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31. L. Calpurnius Piso Licinianus, was the son of M. Licinius Crassus Frugi, who was consul with L. Piso in A. D. 27, and of Scribonia, a grand-daughter of Sex. Pompeius. His brothers were Cn. Pompeius Magnus, who was killed by Claudius, M. Licinius Crassus, slain by Nero, and Licinius Crassus Scribonianus, who was offered the empire by Antonius Primus, but refused to accept it. By which of the Pisones Licinianus was adopted, is uncertain. On the accession of the aged Galba to the throne on the death of Nero, he adopted as his son and successor Piso Licinianus ; but the latter only enjoyed the distinction four days, for Otho, who had hoped to receive this honour, induced the praetorians to rise against the emperor. Piso fled for refuge into the temple of Vesta, but was dragged out by the soldiers, and despatched at the threshold of the temple, A. D. 69. His head was cut off and carried to Otho, who feasted his eves with the sight, but afterwards surrendered it for a large sum of money to Verania, the wife of Piso, who buried it with his body. Piso was thirty-one at the time of his death, and enjoyed a reputation for the strictest integrity, uprightness, and morality. (Tac. Hist. 1.14, 15, 34, 43, 48; D. C. 64.5, 6; Suet. Galb. 17; Plut. Galb. 23, 28; Plin. Ep. 2.20.)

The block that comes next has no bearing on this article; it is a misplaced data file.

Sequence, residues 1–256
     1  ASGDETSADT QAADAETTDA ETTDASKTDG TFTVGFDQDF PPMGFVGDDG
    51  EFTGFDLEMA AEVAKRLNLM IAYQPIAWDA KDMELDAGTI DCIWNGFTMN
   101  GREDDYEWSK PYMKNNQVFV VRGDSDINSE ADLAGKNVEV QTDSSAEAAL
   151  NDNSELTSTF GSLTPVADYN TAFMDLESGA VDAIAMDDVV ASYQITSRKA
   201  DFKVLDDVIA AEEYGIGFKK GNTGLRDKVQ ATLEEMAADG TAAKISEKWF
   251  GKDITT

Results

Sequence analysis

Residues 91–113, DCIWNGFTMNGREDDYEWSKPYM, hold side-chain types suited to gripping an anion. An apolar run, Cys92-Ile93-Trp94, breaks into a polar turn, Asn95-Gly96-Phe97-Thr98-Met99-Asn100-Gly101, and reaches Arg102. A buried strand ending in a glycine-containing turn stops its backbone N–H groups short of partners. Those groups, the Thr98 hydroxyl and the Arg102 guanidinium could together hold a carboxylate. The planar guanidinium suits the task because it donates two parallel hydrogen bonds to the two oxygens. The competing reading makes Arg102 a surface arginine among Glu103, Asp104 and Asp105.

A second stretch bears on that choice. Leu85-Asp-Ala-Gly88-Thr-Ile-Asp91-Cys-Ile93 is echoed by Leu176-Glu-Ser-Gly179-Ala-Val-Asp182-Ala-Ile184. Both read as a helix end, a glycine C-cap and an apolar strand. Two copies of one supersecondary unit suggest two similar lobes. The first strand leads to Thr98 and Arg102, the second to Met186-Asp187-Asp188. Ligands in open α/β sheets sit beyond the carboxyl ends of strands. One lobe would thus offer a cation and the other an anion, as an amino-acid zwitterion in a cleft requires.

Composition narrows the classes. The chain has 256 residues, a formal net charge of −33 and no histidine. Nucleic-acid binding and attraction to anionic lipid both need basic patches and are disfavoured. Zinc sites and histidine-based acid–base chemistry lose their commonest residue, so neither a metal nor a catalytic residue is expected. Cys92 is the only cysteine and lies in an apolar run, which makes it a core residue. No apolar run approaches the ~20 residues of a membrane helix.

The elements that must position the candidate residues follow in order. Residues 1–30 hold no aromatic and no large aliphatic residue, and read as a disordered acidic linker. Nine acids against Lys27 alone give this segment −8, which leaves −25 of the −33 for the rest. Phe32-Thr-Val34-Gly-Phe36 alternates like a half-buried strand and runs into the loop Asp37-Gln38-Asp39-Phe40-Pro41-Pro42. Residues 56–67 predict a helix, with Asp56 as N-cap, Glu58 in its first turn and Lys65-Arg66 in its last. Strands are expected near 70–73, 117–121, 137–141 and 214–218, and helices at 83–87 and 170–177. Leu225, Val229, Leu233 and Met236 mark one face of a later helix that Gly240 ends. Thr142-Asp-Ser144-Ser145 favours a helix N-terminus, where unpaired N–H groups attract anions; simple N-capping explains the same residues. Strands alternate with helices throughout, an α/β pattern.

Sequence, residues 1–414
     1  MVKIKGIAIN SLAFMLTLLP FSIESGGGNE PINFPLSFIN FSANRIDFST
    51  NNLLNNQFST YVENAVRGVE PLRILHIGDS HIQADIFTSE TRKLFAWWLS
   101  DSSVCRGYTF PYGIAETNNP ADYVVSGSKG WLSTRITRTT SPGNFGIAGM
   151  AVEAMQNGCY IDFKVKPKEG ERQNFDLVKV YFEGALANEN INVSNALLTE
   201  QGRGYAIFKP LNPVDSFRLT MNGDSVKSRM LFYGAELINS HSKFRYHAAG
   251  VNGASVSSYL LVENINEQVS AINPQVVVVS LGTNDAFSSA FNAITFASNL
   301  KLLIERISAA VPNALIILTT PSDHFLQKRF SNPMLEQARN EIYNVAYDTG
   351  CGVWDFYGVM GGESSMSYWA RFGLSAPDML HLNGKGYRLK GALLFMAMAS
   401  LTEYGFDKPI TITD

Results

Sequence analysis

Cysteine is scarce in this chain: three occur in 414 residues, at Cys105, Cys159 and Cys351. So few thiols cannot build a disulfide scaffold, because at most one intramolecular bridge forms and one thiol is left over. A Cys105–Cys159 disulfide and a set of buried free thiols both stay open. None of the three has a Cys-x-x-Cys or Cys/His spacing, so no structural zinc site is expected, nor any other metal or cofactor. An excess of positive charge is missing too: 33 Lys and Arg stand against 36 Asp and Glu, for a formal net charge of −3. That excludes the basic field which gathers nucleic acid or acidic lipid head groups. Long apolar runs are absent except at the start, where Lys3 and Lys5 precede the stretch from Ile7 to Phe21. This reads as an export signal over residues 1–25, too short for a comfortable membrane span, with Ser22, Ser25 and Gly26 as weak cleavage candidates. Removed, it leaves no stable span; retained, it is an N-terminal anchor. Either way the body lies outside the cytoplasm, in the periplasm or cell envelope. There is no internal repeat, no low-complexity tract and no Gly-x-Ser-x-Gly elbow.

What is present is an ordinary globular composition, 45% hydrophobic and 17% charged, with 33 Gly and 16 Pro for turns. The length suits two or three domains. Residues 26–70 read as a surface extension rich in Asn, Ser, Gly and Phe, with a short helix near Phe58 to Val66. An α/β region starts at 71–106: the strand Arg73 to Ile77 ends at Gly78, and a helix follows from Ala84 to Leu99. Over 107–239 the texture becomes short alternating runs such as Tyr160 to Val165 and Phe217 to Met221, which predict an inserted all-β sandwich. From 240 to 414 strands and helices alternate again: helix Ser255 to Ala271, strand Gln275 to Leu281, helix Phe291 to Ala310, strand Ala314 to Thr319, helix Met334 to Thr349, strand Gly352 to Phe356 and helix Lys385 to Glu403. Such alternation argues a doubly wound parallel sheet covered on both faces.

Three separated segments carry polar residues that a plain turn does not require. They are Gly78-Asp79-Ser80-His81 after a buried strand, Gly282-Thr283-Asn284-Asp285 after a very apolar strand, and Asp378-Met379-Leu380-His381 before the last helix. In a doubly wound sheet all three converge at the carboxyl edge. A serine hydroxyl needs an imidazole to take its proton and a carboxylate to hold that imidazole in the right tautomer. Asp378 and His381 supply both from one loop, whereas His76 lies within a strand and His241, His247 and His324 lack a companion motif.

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69 AD (1)
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hide References (8 total)
  • Cross-references from this page (8):
    • Tacitus, Historiae, 1.34
    • Tacitus, Historiae, 1.14
    • Tacitus, Historiae, 1.15
    • Tacitus, Historiae, 1.43
    • Tacitus, Historiae, 1.48
    • Pliny the Younger, Epistulae, 2.20
    • Plutarch, Galba, 23
    • Plutarch, Galba, 28
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